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Mayor Brown adds third member, at $83,000 a year, to his PR staff

Mayor Byron W. Brown has added another publicist to his staff: Sharon Linstedt, who left her reporting job at The Buffalo News in 2010 to become a public relations strategist.

City Hall will pay her more than $83,000 a year, lifting the total payroll for Brown’s publicity office to more than $275,000 annually.

After 23 years at The News, Linstedt worked as a consultant and media strategist with Travers Collins until April, 10 months after Travers Collins was bought by the Martin Group. She then started taking on her own clients until securing her new government post.

On a job-networking website, Linstedt described herself as “extremely proactive in getting my clients’ stories told, while being equally vigilant in mitigating damage in crisis situations.”

Linstedt began work Tuesday as the mayor’s “deputy communications and community relations coordinator.” Also working in the office are Lorey Schultz, a former television reporter paid more than $90,000 as communications and community relations coordinator, and Michael DeGeorge, paid nearly $102,000 as Brown’s director of communications and intergovernmental relations, according to payroll records.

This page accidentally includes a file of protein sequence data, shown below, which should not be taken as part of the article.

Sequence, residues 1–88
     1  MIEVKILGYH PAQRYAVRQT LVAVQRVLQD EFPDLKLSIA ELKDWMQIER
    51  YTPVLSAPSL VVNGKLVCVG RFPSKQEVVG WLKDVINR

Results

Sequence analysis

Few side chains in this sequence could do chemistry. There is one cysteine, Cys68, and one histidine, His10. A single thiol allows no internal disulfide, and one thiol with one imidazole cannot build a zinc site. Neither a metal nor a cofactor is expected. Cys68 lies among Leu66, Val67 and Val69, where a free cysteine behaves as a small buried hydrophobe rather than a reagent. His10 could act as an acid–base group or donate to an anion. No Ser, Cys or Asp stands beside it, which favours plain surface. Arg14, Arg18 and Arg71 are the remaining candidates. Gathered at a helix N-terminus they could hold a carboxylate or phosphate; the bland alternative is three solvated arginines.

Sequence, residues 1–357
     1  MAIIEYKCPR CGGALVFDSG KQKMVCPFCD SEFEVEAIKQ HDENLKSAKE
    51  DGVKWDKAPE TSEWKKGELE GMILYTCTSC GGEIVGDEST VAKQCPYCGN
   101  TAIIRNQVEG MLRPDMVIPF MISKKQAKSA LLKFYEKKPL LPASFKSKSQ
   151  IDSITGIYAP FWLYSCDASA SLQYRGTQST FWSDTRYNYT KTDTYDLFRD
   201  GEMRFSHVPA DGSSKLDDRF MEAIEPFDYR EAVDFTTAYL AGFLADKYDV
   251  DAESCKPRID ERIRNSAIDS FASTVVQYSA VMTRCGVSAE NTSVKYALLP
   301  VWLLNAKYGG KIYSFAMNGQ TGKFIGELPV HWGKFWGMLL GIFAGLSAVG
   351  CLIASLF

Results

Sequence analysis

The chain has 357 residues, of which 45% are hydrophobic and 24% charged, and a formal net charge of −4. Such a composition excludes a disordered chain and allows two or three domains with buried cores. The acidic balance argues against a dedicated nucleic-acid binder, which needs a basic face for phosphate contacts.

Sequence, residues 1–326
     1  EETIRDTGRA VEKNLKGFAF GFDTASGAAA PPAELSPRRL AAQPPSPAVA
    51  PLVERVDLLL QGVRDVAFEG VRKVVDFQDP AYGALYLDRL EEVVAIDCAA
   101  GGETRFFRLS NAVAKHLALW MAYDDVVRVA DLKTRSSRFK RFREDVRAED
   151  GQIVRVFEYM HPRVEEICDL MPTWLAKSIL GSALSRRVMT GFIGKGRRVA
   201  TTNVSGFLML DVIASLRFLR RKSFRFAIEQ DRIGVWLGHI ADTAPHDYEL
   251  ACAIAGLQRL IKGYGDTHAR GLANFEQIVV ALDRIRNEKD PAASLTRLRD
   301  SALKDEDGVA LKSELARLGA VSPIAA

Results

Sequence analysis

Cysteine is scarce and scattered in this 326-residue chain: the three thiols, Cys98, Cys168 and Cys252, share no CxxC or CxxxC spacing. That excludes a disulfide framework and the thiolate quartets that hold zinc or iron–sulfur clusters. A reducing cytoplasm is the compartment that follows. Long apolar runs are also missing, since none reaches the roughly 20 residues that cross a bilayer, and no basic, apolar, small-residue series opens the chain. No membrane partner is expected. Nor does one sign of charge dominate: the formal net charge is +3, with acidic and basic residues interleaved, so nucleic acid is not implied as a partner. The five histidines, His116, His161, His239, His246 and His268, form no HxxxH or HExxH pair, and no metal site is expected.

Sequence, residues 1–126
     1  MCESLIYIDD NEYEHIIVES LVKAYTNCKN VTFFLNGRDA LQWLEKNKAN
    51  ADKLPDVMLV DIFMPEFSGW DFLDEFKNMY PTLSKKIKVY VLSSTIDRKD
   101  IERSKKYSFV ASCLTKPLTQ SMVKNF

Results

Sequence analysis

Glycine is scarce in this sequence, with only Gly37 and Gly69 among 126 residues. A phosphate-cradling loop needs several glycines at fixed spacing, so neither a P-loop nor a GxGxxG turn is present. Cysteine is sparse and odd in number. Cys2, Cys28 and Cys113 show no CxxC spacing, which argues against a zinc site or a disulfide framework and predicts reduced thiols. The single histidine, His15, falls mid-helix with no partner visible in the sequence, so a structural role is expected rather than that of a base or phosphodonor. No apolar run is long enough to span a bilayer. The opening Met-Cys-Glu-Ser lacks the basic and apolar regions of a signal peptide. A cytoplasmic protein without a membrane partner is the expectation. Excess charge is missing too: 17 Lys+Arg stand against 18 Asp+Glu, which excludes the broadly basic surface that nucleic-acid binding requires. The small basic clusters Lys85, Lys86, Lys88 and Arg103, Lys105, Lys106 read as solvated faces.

At three full-time employees, the mayor’s public relations team is at a modern high. Buffalo city government in recent years tended to go with two employees: One for the mayor and one for the police department. DeGeorge, who began as the police spokesman in 2007, eventually took on both roles, and was given an assistant, in Schultz, in 2011.

For comparison, County Executive Mark C. Poloncarz has a press secretary with an assistant, and an employee to perform public information needs for the county Health Department. The independently elected sheriff has his own spokesman.

In Rochester, Mayor Lovely A. Warren has a much larger public relations staff. There are 17 full-time employees and six part-time employees in the Bureau of Communications and Special Events. But they take on myriad roles, including organizing governmental functions, a spokeswoman there said.

Linstedt’s job, which is exempt from civil service rules, was never advertised publicly.

“Sharon was recruited for the position,” DeGeorge said.

DeGeorge didn’t answer a question about why the government needed to add another employee to the office. But he did explain what Linstedt will do: She will “play a key role in coordinating communications and community relations” and “do outreach and create awareness for a number of city departments and agencies.”